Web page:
‘TajMahal’ spyware detected by Kaspersky Lab stayed hidden for past five years
Security researchers at Kaspersky Lab have identified a new sophisticated spyware framework, dubbed as ‘TajMahal’. It consists of 80 malicious and distinct modules capable of carrying out various attack scenarios using different tools. The spyware has been operational since the past five years and so far, only one victim has been identified.
Kaspersky Lab detected the attack on a “diplomatic organisation” in a Central Asian country. The security research firm has decided not to reveal the country. TajMahal is a newly discovered Advanced Persistent Threat (APT) framework that has been apparently active for the last five years. An APT is a form of an attack on a system or network where the attacker or a group successfully gains unauthorised and sometimes unrestricted access. The malicious code or malware stays dormant and undetected for an extended period of time. Such type of attacks are usually carried out against big enterprises and sometimes can also have political motivations.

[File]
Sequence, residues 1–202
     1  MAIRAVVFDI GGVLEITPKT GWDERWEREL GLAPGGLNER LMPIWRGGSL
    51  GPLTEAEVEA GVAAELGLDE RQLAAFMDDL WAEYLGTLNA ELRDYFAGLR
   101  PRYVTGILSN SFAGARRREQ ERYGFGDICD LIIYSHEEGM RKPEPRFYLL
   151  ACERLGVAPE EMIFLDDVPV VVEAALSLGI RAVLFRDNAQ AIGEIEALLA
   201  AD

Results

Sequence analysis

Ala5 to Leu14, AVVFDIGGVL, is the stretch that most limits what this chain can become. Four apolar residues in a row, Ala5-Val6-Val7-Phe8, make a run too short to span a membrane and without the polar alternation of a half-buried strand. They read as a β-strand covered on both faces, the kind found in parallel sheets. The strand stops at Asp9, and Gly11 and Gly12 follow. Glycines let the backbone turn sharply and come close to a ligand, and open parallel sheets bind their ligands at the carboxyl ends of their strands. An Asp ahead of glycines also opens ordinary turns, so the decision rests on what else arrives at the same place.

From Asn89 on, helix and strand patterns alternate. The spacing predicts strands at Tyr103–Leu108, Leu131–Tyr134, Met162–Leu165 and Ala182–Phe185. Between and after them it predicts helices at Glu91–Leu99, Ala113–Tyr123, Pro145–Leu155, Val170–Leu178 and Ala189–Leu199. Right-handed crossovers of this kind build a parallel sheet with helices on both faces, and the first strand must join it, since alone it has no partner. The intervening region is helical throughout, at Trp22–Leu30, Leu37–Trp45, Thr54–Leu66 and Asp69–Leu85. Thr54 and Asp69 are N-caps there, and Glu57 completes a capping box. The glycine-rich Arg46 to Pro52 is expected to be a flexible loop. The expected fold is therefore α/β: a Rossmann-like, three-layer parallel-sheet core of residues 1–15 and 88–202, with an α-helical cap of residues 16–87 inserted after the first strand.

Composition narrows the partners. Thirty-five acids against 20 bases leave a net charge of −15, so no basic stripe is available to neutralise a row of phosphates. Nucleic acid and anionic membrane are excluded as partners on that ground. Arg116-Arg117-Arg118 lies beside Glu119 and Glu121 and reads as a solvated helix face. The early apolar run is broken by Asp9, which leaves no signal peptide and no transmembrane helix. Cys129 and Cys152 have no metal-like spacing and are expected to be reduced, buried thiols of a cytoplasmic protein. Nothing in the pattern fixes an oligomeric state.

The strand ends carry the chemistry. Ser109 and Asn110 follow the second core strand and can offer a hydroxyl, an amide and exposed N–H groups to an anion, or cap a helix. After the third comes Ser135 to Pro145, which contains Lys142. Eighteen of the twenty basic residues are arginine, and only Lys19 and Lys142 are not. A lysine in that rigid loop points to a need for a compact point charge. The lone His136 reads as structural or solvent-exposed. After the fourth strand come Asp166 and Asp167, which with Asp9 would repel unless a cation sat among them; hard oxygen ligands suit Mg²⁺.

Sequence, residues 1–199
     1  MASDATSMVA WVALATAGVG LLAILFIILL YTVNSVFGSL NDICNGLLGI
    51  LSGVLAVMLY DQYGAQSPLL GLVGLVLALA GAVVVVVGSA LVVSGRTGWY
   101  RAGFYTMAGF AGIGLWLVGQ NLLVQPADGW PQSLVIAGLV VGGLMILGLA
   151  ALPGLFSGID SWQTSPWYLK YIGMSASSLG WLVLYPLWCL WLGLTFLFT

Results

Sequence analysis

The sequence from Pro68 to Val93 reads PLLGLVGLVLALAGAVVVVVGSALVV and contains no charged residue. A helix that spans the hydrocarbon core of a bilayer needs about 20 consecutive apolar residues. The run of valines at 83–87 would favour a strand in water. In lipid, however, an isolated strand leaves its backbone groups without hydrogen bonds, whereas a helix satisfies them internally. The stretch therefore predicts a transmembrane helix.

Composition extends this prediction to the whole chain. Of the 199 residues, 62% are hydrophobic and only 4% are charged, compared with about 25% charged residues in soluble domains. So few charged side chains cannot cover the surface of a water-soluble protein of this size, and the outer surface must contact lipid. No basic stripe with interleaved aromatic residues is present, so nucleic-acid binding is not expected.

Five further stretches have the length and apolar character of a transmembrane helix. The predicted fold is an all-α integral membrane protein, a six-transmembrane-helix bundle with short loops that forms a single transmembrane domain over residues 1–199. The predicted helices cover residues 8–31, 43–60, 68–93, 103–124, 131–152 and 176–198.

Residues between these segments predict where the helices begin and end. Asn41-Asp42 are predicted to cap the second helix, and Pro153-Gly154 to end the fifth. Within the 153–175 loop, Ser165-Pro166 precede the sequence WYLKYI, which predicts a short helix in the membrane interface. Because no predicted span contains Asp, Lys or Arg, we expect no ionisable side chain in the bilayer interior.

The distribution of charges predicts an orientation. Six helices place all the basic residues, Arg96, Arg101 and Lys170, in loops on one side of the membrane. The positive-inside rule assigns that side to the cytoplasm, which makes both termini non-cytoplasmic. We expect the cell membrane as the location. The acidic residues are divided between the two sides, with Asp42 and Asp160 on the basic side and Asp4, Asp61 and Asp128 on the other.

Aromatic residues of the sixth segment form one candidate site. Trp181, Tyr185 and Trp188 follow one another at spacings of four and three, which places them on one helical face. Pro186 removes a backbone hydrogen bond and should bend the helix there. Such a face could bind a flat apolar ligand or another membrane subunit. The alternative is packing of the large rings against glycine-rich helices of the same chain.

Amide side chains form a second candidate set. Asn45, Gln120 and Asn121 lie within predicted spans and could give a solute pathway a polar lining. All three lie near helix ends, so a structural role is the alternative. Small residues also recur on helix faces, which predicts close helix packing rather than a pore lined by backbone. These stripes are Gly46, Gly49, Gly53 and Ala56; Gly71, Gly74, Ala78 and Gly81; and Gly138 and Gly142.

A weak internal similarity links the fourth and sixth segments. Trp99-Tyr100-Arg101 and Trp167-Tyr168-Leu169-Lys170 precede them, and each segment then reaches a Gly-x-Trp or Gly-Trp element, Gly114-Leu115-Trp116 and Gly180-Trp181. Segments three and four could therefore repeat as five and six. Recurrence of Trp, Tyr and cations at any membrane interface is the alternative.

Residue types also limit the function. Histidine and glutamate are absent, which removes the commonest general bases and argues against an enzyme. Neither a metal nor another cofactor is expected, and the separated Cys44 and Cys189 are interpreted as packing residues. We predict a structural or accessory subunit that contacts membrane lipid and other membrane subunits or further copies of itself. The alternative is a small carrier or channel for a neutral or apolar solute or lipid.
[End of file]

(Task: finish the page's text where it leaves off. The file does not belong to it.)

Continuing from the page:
A report posted by Kaspersky Lab states that TajMahal’s APT consisted of two primary parts including Tokyo and Yokohama. Tokyo forms the back door of the system to deliver the second stage of the malware. Yokohama is the main weapon payload that packs all the malicious plugins to attack the system or network. It’s activated when the second stage of attack is initiated.
There are many things it’s capable of including stealing cookies, intercepting documents from the print queue, collecting data about the victim, recording and taking screenshots of VoIP calls, stealing optical disc images made by the victim and indexing files even from external drives and potentially stealing specific files when they are detected again.
“TajMahal is an extremely rare, technically advanced and sophisticated framework, which includes a number of interesting features we have not previously seen in any other APT activity. Coupled with the fact that this APT has a completely new code base—there are no code similarities with other known APTs and malware—we consider TajMahal to be special and intriguing”, said Kaspersky security researcher Alexey Shulmin during an interview with Wired.
Kaspersky Lab says that its products are capable of detecting TajMahal and the threat was initially discovered using its own “automatic heuristic technologies”. However, as a home or personal user, you don’t really need to worry about an APT attack.
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